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Ferniehirst Castle
Chapter VII - Family Territories


"Clan Maps" and "Tartan Maps" of Scotland typically show surnames splashed across areas of varying extent, each with its own distinctive colour. This is a gross oversimplification so far as the South of Scotland is concerned, though it may have been valid for some parts of the Highlands until 1745.

In reality there would have been no area where everybody was called Kerr and owed allegiance to Ferniehirst; any more than there was an area where everybody was called Scott and owed allegiance to Buccleuch. Things were a lot more complex, and allegiance was not a straightforward matter of "one man, one Lord" certainly not in the period we are considering.

In the first place, Kerrs, Scotts, Elliots, Rutherfords, Turnbulls and others were inextricably mixed throughout the Central Borders, though in varying proportions from place to place. They were also inextricably intermarried, and with the considerable number of men killed in battle, in raids or on the scaffold at a fairly early age, it was not unlikely that their sons might be brought up by a maternal uncle with another surname and form strong links with his family.

Secondly, the same individual often held various bits and pieces of land from different "superiors", owing allegiance to each of them for the relevant property. (This gave rise to problems if they fought each other, as often happened.)

Thirdly two landowners, not necessarily "superior" and "vassal", but quite possibly equals who found it useful to co-operate, could be linked by a "bond of man-rent" and it was quite feasible for the same individual to have this type of relationship (basically a mutual protection agreement, as we have seen) with several others, who again might choose to fight each other.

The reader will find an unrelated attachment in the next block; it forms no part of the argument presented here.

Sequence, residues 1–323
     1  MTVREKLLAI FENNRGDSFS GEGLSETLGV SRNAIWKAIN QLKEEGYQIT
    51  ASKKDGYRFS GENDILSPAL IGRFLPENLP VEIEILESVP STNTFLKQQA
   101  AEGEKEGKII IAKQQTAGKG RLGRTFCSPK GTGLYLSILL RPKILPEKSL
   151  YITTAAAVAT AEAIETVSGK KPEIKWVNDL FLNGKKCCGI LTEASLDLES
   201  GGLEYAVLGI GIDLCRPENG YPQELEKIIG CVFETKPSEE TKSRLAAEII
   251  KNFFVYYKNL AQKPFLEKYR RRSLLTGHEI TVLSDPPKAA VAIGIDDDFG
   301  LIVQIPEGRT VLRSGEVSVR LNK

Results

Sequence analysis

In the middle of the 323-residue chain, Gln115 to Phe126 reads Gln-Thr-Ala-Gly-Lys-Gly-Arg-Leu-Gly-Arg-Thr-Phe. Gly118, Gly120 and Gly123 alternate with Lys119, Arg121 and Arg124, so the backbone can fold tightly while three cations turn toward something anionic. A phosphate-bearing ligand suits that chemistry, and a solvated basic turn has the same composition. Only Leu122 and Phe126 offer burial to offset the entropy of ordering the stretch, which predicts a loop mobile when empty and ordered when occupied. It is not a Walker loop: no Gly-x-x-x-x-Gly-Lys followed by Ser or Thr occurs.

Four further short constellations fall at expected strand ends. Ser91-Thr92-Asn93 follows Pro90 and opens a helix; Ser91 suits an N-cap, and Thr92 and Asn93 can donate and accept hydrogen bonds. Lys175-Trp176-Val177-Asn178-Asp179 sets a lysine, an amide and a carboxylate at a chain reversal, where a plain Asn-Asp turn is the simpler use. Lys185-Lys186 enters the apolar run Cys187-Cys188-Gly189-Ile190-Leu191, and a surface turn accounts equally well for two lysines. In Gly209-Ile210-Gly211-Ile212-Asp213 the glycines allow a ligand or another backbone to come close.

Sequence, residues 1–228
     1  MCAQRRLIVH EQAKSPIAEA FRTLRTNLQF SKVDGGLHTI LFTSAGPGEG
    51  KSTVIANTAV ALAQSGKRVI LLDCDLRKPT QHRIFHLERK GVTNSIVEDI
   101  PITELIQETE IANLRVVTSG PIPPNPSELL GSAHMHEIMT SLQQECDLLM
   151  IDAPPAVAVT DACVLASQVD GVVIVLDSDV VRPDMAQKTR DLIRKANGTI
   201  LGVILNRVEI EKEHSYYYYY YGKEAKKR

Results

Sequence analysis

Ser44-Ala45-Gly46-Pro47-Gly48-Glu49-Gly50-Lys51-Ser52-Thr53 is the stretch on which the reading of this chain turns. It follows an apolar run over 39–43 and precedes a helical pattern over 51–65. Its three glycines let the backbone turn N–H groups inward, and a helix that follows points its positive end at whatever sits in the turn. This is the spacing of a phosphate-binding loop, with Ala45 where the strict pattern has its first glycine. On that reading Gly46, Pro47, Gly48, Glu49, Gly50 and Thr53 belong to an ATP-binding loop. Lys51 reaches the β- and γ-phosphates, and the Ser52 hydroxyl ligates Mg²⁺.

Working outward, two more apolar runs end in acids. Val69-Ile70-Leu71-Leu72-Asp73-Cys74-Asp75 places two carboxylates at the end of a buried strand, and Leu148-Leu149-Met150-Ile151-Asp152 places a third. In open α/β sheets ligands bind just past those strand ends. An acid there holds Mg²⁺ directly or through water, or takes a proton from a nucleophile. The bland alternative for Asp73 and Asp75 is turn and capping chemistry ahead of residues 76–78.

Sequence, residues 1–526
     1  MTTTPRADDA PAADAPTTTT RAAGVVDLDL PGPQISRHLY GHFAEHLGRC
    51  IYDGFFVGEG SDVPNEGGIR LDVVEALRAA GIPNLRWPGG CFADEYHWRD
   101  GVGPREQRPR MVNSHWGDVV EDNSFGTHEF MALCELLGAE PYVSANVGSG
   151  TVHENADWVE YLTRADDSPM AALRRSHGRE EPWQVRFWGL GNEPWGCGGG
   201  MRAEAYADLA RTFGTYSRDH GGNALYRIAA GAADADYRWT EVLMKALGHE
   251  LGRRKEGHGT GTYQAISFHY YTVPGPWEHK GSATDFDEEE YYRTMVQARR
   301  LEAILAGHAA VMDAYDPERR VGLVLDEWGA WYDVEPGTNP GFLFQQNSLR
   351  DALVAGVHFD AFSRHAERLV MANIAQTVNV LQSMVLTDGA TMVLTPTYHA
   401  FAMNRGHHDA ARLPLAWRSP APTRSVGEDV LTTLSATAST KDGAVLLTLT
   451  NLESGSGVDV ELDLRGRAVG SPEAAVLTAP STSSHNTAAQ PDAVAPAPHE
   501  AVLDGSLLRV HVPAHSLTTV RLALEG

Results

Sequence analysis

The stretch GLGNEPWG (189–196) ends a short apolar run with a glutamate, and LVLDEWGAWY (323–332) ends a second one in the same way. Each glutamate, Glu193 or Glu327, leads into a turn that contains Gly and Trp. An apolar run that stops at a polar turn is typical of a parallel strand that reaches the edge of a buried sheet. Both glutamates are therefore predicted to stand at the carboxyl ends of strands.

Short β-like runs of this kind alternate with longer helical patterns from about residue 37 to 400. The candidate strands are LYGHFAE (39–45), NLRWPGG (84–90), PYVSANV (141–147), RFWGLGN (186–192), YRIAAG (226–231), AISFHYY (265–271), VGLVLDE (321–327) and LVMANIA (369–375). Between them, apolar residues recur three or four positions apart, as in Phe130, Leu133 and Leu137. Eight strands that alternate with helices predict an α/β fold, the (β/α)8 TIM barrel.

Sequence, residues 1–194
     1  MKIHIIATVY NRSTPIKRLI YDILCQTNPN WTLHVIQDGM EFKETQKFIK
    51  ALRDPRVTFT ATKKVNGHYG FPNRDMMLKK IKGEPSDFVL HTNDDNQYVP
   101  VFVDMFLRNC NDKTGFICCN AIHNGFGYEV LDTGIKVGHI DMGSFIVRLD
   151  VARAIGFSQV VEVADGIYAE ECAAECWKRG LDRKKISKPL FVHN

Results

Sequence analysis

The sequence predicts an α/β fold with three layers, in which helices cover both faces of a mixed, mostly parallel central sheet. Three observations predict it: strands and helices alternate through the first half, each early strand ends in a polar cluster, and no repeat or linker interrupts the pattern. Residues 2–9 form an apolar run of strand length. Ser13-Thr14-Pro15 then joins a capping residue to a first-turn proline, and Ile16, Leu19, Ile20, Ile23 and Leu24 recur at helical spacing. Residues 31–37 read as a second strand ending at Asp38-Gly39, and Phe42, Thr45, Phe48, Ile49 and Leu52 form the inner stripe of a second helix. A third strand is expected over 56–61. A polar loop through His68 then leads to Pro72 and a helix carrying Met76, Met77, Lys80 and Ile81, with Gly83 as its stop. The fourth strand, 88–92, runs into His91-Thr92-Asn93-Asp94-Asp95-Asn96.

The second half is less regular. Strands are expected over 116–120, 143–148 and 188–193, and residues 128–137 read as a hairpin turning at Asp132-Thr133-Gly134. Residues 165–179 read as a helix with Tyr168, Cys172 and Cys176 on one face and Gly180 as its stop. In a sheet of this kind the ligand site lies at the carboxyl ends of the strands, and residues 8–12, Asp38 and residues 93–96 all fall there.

"Kerr territory" was therefore the area where the Laird of Ferniehirst could call out more men than anyone else, rather than a vast tract of land which he actually owned. Many of them could also be called out by Scott of Buccleuch or Rutherford of That Ilk, for instance, and the reverse of course applied. Subject to this reservation, and with all the uncertainty this implied, it extended roughly from Lilliards Edge to Carter Bar and frog Crailing to Denholm, with outlying pockets further north and west. There were also Kerrs in Ayrshire and Stirlingshire (among other areas). but Ferniehirst could not usefully have called them out, as any giver emergency would have been long since past when they showed up "late but in earnest".

Map of Family Territories


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